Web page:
J Med Cases
Journal of Medical Cases, ISSN 1923-4155 print, 1923-4163 online, Open Access
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Case Report

Volume 8, Number 9, September 2017, pages 277-279


Multifocal Ancient Thoracic Schwannomas: A Case Report and Review of Literature

Supanat Kongjarerna, Pattraporn Tajarernmuanga, e, Yutthaphan Wannasophab, Komson Wannasaic, Somcharoen Saetengd

aDivision of Pulmonary, Critical Care and Allergy, Department of Medicine, Faculty of Medicine, Chiang Mai University, Chiang Mai, Thailand
bDepartment of Radiology, Faculty of Medicine, Chiang Mai University, Chiang Mai, Thailand
cDepartment of Pathology, Faculty of Medicine, Chiang Mai University, Chiang Mai, Thailand
dDepartment of Surgery, Faculty of Medicine, Chiang Mai University, Chiang Mai, Thailand
eCorresponding Author: Pattraporn Tajarernmuang, Division of Pulmonary, Critical Care and Allergy, Department of Medicine, Faculty of Medicine, Chiang Mai University, Thailand

Manuscript submitted July 31, 2017, accepted August 15, 2017
Short title: Multifocal Ancient Thoracic Schwannomas
doi: https://doi.org/10.14740/jmc2888w

Abstract▴Top 

Primary pleural schwannoma is a rare benign tumor of the thorax. Because of their gradual progression, they are generally asymptomatic. Herein, we report a 53-year-old male patient with a well-circumscribed mass located at the right lower lung field. He was totally asymptomatic. His contrast-enhanced computerized tomography scan showed a round, well-defined, inhomogeneous, mildly-enhancing lesion with a few small internal speckle calcifications arising from the pleura along the right lateral sixth intercostal space, measuring about 5.5 × 4.2 cm in diameter, and another smaller lesion at the left apical hemithorax. Both masses were resected successfully under video-assisted thoracoscopic surgery. Histopathologic analysis revealed alternating areas of compact spindle cells and hypocellular areas and degenerative changes of blood vessels inside. Thus, the diagnosis of multifocal ancient thoracic schwannomas was established.

Keywords: Ancient schwannoma; Primary pleural schwannoma; Pleura tumor; Intercostal nerve tumor; Chest wall tumor

Introduction▴Top 

Schwannoma is a benign, slow-growing tumor originating from the perineural cell named Schwann’s cell. Schwannoma that arises from the intercostal nerve sheath in the pleural space is rare [1]. They are usually benign, asymptomatic and slow-growing lesions. The malignant and multiple lesions are very rare. Multifocal lesions of thoracic schwannomas have never been reported. We report the case of bilateral pleural schwannomas in a middle-aged male with an additional brief review on the thoracic schwannoma.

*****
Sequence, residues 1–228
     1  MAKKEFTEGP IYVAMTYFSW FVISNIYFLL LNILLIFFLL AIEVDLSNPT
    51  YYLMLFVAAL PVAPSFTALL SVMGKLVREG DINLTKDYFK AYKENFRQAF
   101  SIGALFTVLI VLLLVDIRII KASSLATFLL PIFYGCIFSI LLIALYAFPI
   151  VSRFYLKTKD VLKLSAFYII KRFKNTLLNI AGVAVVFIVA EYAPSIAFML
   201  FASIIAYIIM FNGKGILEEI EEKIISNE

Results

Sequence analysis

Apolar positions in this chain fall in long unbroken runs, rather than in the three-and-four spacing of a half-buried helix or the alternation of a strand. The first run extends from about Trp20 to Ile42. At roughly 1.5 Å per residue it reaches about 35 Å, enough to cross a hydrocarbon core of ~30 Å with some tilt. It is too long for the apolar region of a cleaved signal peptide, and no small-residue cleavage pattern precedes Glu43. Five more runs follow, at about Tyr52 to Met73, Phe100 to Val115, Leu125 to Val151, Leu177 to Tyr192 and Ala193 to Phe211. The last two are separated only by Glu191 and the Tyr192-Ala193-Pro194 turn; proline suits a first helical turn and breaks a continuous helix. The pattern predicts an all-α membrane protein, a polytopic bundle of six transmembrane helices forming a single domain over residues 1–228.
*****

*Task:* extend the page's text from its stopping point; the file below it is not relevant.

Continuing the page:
Case Report▴Top 

A 53-year-old male patient was referred to the pulmonary outpatient department of our tertiary hospital (Maharaj Nakorn Chiang Mai Hospital) for evaluation of an abnormal chest X-ray from a routine checkup. He had been a smoker for 30 years. He was completely asymptomatic and the physical examination was unremarkable. His laboratory tests including complete blood count with platelet, renal, hepatic and coagulation profiles were normal.

The chest radiograph showed a round shape, well-circumscribed mass located at the right lower lung field (Fig. 1a). The contrast-enhanced computerized tomography scan showed a well-defined margin, inhomogeneous, minimal contrast enhancing lesion arising from the pleura along the right lateral sixth intercostal space, measuring about 5.5 × 4.2 cm in diameter with a few small internal speckle calcifications and another smaller lesion at the left apical hemithorax (Fig. 1b, c). No adjacent rib destruction, pleural effusion, or lymphadenopathy was observed. The microscopically pathological tissue from ultrasonography-guided transthoracic needle biopsy revealed a fibrotic nodule. As a consequence of multiple lesions and the uncertain nature on histopathology, the therapist team and the patient discussed and agreed to proceed to surgical resection.

Figure 1.
Click for large image
Figure 1. (a) Chest radiography showing a well-circumscribed pleural-based mass containing several small speckled calcifications along the lateral aspect of the right lower hemithorax. Also note the smaller subtle pleural-based lesion at the left apical thorax. (b, c) Axial contrast chest MDCT scan showing two slightly hypodense pleural lesions with mild enhancement at the left apical thorax (b) and right lateral lower hemithorax (c). A few small internal speckled calcifications are noted in the larger one. No adjacent rib destruction or evidence of chest wall invasion was detected.

On video-assisted thoracoscopic surgery, the first pleural mass was found at the right sixth intercostal space and the second one at the left apex. No pleural effusion was found. The masses were successfully resected and sent for histopathological analysis.